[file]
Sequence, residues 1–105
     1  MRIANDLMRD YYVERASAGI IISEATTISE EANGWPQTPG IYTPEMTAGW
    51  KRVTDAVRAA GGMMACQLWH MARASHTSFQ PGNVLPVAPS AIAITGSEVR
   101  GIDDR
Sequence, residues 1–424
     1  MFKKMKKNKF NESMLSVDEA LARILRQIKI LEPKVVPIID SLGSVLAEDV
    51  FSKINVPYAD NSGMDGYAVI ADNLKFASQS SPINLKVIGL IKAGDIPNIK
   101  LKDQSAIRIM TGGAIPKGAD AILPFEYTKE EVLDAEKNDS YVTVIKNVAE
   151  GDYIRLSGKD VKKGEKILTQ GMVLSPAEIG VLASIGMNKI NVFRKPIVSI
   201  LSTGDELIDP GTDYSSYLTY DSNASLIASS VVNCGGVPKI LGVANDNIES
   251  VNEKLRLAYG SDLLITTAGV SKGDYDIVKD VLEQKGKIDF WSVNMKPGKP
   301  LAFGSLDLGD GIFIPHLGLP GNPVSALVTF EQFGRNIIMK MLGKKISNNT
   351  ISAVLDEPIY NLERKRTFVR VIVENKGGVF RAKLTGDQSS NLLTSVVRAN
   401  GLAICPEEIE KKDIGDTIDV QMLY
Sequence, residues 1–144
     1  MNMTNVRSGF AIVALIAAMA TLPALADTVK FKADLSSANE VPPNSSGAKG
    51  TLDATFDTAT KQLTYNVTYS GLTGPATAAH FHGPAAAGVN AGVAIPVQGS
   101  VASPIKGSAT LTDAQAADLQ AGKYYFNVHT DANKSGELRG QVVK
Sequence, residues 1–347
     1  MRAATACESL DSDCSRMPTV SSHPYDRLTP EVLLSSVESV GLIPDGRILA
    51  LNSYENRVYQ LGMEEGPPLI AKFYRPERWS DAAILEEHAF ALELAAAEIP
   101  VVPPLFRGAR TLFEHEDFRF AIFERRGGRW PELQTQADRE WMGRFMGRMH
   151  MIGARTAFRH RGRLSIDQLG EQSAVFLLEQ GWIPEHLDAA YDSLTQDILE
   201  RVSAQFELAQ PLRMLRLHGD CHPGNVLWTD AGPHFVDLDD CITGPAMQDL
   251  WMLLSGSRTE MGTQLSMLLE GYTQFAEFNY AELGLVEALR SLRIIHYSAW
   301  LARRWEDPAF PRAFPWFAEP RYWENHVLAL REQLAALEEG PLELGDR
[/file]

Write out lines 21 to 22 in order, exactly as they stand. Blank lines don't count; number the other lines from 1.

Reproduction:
    51  LNSYENRVYQ LGMEEGPPLI AKFYRPERWS DAAILEEHAF ALELAAAEIP
   101  VVPPLFRGAR TLFEHEDFRF AIFERRGGRW PELQTQADRE WMGRFMGRMH